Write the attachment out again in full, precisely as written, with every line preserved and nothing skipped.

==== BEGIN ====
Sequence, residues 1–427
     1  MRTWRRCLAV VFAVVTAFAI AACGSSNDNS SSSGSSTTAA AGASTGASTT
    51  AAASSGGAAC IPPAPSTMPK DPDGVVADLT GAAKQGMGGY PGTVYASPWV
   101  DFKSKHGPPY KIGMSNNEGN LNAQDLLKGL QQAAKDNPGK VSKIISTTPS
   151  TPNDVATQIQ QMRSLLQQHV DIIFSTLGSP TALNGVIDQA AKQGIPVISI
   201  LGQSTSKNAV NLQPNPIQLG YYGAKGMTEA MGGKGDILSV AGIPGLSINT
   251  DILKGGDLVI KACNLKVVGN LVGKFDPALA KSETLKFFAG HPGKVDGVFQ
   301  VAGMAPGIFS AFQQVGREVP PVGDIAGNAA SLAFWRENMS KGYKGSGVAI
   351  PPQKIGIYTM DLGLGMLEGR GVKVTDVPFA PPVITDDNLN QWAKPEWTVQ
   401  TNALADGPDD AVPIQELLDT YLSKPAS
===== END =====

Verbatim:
Sequence, residues 1–427
     1  MRTWRRCLAV VFAVVTAFAI AACGSSNDNS SSSGSSTTAA AGASTGASTT
    51  AAASSGGAAC IPPAPSTMPK DPDGVVADLT GAAKQGMGGY PGTVYASPWV
   101  DFKSKHGPPY KIGMSNNEGN LNAQDLLKGL QQAAKDNPGK VSKIISTTPS
   151  TPNDVATQIQ QMRSLLQQHV DIIFSTLGSP TALNGVIDQA AKQGIPVISI
   201  LGQSTSKNAV NLQPNPIQLG YYGAKGMTEA MGGKGDILSV AGIPGLSINT
   251  DILKGGDLVI KACNLKVVGN LVGKFDPALA KSETLKFFAG HPGKVDGVFQ
   301  VAGMAPGIFS AFQQVGREVP PVGDIAGNAA SLAFWRENMS KGYKGSGVAI
   351  PPQKIGIYTM DLGLGMLEGR GVKVTDVPFA PPVITDDNLN QWAKPEWTVQ
   401  TNALADGPDD AVPIQELLDT YLSKPAS